solutions for each company. Business speakers are brought in based on the needs of the members and vary with such topics as trends in human resources, succession planning, assessments and hiring best practices. Each member develops a business plan based on quarterly objectives that are tied to revenue and net profit growth. These plans are measurable, and the owner is accountable for achieving her plan results. Being part of CEO Nexus gives members added benefits of quarterly CEO Forums, the CEO Nexus annual conference, and association with GrowFL, as well as the University of Central Florida and Rollins entrepreneurial programs. The journey of these entrepreneurs has resulted in their not only achieving business growth goals but also developing a sisterhood of women who trust each other and genuinely support each other with friendships that go beyond business. ■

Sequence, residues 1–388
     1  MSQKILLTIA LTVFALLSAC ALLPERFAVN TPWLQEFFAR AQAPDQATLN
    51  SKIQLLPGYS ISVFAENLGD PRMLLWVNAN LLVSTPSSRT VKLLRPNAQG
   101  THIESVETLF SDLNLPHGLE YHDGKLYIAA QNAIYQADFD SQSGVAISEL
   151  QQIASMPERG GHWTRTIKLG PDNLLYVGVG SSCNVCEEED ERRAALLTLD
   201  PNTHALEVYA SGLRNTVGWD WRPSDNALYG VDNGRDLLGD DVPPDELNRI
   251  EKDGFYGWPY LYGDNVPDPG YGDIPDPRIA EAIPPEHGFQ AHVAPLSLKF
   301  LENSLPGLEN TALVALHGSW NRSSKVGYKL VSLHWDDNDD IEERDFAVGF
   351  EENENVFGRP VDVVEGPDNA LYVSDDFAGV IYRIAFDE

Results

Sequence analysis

I look so forward to our monthly meetings to share like problems, but more so I always leave the meeting with a resolution. — Claire Evans
This group has been the key for my organization making quicker and betterinformed decisions that saved me time, money and stress. The monthly meetings are my favorite day of each month. — Sue Messner
WOMEN IN BUSINESS
Maria Triscari President/CEO
International Drive Resort Area Chamber of Commerce
A Driving Force on I-Drive
ife as a pearl diver was Maria Triscari’s first glimpse into her calling. While attending the University of Central Florida, she took the job at SeaWorld, where she would spend her mornings educating excited guests about dolphins and sea lions and her afternoons diving for oysters in the Japanese Pearl Diving Show.
You never know how your actions will affect others. I try to move in a positive direction so that whatever I do, I provide a positive impact on the lives around me. — Maria Triscari